How to Create An International Garden

No need to grab your passport or to even pack a suitcase when you use travel as your inspiration in your garden. A garden that reflects international sensibilities is more about the places you have been and the signature design styles of those places that remind you perhaps of a special time in your life. Whether on a cross-country tour of the US or an international leisure trip, gardens inspire us to reflect when we embrace their beauty. No matter where we are, gardens command our attention and require us to pause and “smell the roses.”

In my garden, you will find a variety of inspirations, from the ruins of Mexico to the tree-lined streets of Paris. When I return from traveling abroad, my suitcase may be full but my mind is overflowing. Snapshots of the details of these great destinations are ingrained in my memory. Nothing excites me more than being able to recreate even the smallest detail from another culture in my own garden oasis.

While my garden is ostensibly a traditional English garden, it has a global appeal. From Italy to France to Asia and the Caribbean, there are whimsical vignettes strategically placed throughout. Achieving this garden design concept does not require a travel agent, only an open mind and a vision that encompasses the world and embraces the vast array of cultural beauty.

September is the perfect time to plant or expand a garden. With most garden centers and professional contractors whittling down their inventories and services, this is the ideal time to get the most from your garden budget. For example, I love to buy the following items at the end of the summer to take advantage of clearance sales:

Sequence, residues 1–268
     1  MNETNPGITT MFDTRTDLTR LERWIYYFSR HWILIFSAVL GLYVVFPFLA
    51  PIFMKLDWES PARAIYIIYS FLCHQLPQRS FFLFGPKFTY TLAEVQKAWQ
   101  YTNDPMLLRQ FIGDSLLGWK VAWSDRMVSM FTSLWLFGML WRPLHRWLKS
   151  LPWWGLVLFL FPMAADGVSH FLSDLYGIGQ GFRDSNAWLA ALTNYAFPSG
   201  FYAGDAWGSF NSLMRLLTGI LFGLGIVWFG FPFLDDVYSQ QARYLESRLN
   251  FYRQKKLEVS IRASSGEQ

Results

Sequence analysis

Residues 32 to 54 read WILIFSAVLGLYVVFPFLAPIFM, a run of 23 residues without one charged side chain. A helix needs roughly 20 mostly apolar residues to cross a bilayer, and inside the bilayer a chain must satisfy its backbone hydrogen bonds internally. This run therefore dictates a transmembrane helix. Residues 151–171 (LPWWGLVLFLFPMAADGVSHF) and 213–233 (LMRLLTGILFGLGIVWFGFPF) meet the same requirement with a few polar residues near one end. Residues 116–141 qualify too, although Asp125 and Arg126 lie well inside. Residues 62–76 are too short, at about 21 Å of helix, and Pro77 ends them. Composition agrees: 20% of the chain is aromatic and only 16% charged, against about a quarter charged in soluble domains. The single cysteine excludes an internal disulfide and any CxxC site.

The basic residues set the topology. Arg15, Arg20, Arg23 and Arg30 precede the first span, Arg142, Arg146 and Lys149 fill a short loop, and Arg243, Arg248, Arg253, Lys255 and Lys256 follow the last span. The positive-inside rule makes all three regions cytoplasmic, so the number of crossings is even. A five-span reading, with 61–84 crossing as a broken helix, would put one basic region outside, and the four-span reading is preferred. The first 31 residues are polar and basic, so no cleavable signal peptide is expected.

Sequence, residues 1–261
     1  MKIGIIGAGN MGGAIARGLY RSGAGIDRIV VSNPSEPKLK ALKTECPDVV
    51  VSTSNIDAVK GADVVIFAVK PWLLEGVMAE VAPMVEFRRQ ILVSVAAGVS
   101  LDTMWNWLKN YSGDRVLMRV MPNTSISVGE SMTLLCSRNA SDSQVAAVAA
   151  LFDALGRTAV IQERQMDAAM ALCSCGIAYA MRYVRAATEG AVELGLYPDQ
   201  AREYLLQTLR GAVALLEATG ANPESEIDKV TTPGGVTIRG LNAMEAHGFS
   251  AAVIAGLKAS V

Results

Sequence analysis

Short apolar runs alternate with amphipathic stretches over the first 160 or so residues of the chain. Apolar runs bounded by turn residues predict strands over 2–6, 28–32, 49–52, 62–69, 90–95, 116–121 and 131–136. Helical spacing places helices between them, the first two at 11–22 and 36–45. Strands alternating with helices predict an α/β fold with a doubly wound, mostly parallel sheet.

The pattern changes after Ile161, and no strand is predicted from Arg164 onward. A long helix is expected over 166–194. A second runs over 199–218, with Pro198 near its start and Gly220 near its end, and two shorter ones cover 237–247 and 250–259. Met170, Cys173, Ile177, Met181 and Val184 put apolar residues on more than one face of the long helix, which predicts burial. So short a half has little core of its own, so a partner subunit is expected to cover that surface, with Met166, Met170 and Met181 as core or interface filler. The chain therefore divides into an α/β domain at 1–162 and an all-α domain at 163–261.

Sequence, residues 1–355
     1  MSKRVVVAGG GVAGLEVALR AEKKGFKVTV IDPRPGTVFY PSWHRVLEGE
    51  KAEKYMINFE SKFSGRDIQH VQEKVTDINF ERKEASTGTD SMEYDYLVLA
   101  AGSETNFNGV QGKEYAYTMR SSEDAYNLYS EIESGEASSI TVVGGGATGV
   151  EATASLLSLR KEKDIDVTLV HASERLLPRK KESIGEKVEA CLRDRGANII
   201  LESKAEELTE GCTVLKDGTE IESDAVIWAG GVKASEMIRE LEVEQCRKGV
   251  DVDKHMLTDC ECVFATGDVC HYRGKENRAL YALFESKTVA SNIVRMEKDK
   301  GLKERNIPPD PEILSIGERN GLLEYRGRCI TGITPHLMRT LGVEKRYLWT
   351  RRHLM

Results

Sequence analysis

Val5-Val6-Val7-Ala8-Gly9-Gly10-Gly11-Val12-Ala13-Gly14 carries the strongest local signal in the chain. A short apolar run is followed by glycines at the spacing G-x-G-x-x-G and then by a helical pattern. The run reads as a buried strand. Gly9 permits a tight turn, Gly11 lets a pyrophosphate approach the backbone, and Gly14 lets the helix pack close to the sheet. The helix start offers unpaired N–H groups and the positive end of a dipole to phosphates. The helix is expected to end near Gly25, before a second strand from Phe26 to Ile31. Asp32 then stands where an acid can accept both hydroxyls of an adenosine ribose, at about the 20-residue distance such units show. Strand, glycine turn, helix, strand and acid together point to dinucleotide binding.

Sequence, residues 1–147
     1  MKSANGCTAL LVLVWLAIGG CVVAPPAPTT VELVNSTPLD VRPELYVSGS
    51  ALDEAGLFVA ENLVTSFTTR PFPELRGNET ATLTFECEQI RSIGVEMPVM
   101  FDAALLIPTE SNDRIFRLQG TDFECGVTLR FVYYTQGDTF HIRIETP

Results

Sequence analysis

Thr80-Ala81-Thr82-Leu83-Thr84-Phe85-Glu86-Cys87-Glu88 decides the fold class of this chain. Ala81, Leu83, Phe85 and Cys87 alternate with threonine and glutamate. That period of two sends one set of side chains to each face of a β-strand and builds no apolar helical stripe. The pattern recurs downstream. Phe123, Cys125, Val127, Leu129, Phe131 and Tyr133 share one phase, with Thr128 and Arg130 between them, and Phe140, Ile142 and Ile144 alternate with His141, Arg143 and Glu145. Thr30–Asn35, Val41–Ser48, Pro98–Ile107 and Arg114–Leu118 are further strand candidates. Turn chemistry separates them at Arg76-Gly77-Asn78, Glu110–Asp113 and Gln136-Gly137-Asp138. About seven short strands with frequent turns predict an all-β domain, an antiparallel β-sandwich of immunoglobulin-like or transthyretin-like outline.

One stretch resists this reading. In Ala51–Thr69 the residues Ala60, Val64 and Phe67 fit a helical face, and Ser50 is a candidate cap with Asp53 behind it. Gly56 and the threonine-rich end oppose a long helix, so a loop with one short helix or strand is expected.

• Patio furniture
  • Fountains
  • Grills
  • Plants, shrubs and trees
  • Fire pits
  • Garden ornaments and Accessories
  • Hammocks

September is also the time of year when many landscape professionals are looking to extend their busy season into the fall, so this is also a great time to negotiate a new patio, a stone wall, a terrace, porch or pergola (all of which I happen to have on my property.) And no, I did not put these all up in the same year but they were each coordinated to be executed in the fall, helping me to get the best price possible.

When it comes to an international garden one needs to focus on the country or countries that you love and the design elements that you would like to reproduce in your own back yard. When you feel inspired by a garden or garden element you have seen abroad, reproducing just a small piece of it will immediately transport you to that wonderful place and time. It does not mean that your garden has to scream “France!” in one corner, and “Shanghai!” in another; it’s about sometimes subtle details that are meant for your own pleasure. No one else has to immediately conjure up a vision of Ireland when they look at your patio — as long as it does it for you then it’s perfect. In fact, travel is not a prerequisite for design inspiration. For many of us, simply looking at a travel magazine, watching a travel show or surfing the net can trigger our imaginations. This is an important aspect of how a dream can come true.

Here’s your passport to the inspirations behind Rosebrook Gardens, and no visa is required.